Due to the location of Sheffield/Springfield, an alternative strategy was developed to provide water to this area and to avoid significant pumping costs.  The construction of the Sheffield Irrigation Scheme enables the supply of irrigation and stockwater to approximately 30 farms in the Springfield/Sheffield area with water being delivered for the 2017/18 irrigation season.

This Scheme is physically discrete from the remainder of the CPW Stage 1 and Stage 2 infrastructure and can, therefore, be developed and operated in isolation.  The Scheme takes water from both the Waimakariri and Kowai Rivers to irrigate an area of up to approximately 4,300ha.

To access this water, an intake has been constructed at the top of the Scheme and a 2.5Mw pump station transfers up to 2m3/s of water from the Waimakariri River into a 2.08Mm3 Storage Pond on the corner of Cox’s Road and SH73. In addition to this, gravity-fed water is supplied utilising the existing Selwyn District Council (SDC) stockwater network from the Kowai River.  This enables, depending on the level of demand and the Storage Pond levels, water to be taken solely from one water source or both simultaneously.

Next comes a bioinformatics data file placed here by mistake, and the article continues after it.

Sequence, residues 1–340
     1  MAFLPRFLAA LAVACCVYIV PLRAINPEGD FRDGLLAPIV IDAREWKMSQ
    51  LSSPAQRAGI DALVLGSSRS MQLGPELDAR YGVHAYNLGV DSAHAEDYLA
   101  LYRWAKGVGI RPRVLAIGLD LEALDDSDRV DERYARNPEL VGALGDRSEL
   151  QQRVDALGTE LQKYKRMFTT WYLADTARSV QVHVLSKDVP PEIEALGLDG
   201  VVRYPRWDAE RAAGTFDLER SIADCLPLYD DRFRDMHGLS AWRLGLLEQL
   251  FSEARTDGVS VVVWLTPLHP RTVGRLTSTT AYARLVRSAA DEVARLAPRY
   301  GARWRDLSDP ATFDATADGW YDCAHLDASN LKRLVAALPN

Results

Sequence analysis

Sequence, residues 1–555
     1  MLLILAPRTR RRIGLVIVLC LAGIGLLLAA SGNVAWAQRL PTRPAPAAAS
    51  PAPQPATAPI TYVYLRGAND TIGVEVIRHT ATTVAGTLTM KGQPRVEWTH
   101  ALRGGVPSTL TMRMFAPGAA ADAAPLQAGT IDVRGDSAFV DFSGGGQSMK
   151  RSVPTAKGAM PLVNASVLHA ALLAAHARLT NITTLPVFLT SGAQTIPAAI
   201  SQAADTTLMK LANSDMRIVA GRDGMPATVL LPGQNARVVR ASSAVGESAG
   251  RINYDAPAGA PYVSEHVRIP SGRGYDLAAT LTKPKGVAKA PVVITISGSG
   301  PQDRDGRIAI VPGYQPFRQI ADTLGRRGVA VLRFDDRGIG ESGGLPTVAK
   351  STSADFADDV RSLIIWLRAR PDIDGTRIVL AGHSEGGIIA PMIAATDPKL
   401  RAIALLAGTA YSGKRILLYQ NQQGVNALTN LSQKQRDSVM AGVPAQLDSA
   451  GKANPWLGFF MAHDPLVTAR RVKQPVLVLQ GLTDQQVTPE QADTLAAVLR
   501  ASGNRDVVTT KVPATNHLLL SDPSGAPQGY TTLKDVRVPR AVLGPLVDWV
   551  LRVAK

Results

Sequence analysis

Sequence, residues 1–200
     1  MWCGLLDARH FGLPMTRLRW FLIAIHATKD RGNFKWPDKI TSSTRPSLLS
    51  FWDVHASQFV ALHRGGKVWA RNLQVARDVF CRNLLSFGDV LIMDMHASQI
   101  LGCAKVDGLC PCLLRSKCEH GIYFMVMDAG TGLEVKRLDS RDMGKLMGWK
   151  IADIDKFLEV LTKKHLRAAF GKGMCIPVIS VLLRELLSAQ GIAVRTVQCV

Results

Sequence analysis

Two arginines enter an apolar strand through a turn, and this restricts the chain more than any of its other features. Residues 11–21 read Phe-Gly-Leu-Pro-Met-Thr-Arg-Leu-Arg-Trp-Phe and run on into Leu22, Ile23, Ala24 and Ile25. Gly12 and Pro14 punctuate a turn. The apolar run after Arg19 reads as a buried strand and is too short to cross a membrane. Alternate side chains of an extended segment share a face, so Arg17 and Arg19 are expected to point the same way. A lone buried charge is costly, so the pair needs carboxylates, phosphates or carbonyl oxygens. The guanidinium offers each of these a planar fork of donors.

From the Storage Pond, water is reticulated via a HDPE pipe network down the Canterbury Plains in a south-east direction delivering 4mm/day of water at a target minimum pressure of 3.5 bar to individual farms.

CPWL have been working with SDC to increase the efficiency and reliability of the Malvern Stockwater Scheme for all of its customers, year round.  Using the CPW infrastructure to supply stockwater rather than the current open channel system will enable the closure, with full landowner consent, of a number of small lateral water races fed by the Kowai River.  This frees up water for irrigation use (albeit subject to more restrictive flow conditions) which would otherwise be lost through ground infiltration and evaporation (between 70-95%).  No additional water over and above what is already consented from the Kowai River is allowed to be taken from.  Under the existing regime, a large amount of water must be taken from the Kowai River to ensure sufficient water reaches the extremities of the stockwater network.  Alongside this, opportunities have been identified to provide raw water to the two rural water treatment plants in the area.  This would improve the reliability of the existing system and ensure there is sufficient capacity to keep up with a growing town.